About 82% of melanoma skin cancer in Alberta is linked to factors we can change.

That's about 492 cases we could prevent each year — if we work together.

Why is the impact of Melanoma important to Albertans?

Melanoma skin cancer is the 7th most common cancer in Alberta1.
About 600 adults were diagnosed in 20122.
  • There are 2 major types of skin cancers: melanoma and non-melanoma. Non-melanoma skin cancers aren’t included in the Alberta Cancer Registry, so it’s hard to know exactly how many new cases of skin cancer are diagnosed in Alberta each year.
  • When melanoma and non-melanoma skin cancers are combined, skin cancer is the most common type of cancer in Canada3.
  • Melanoma isn't as common as other types of skin cancer, but it is the most serious.
  • Melanoma is slightly more common in men than in women.
  • From 1992 to 2012, the risk for men getting melanoma increased, but the risk for women stayed the same.
  • The risk of getting melanoma rises for both men and women after about age 35. Rates are higher for men than for women after about age 50.

What can I do?

Experts in Alberta agree that we can prevent about 82 out of 100 cases of melanoma2. Here’s how:

Ultraviolet rays from the sun or tanning beds account for all of these preventable cases. Enjoy the sun safely: protect your skin, protect your eyes.

  • Check the daily forecast for the UV Index and protect your skin accordingly.
  • When the UV Index is 3 or higher, protect your skin as much as possible. In general, in Canada, the UV Index is 3 or higher from 11:00 a.m. to 3:00 p.m. between April and September. The UV Index can be 3 or higher even when it’s cloudy.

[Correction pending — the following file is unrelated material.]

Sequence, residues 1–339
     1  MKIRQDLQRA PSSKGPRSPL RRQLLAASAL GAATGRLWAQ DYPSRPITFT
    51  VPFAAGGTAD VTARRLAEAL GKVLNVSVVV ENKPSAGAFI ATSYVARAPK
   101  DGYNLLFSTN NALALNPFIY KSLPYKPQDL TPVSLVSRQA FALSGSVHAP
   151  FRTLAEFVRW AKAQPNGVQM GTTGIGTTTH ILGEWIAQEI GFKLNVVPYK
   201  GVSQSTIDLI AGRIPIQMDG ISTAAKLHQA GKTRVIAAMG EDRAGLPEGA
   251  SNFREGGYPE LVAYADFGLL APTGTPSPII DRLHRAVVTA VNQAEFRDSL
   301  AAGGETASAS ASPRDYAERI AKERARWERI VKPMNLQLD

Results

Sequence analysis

• Seek shade or bring your own.
  • Wear a hat and clothing that covers as much skin as possible, as appropriate to the activity and weather.
  • Use "broad spectrum", "water-resistant" sunscreen with an SPF of at least 30 on skin not covered by clothing. Apply sunscreen generously and put on more when needed.
  • Whenever possible, plan outdoor activities for before 11:00 a.m. or after 3:00 p.m., between April and September.
  • Don’t deliberately try to get a tan and avoid getting a sunburn.
  • Use sources of vitamin D that are safer than ultraviolet radiation, e.g., dietary sources, fortified foods and vitamin D supplements.
  • Protect your eyes: Wear sunglasses or eyeglasses with UV protective lenses when outdoors from morning to evening, all year round, even when it's cloudy.

Indoor tanning is another important source of exposure to ultraviolet radiation that causes melanoma.  Using tanning equipment before the age of 35 can increase the risk of melanoma by 59%.

Visit The Big Burn to learn more about the risks of indoor tanning and ways to protect yourself and your family.

How to reduce your risk of Melanoma

Limit UV Rays

Ultraviolet radiation (UVR) accounts for about 82% of melanoma (the deadliest skin cancer) in Alberta. Protect yourself and your family – at home, at work and at play.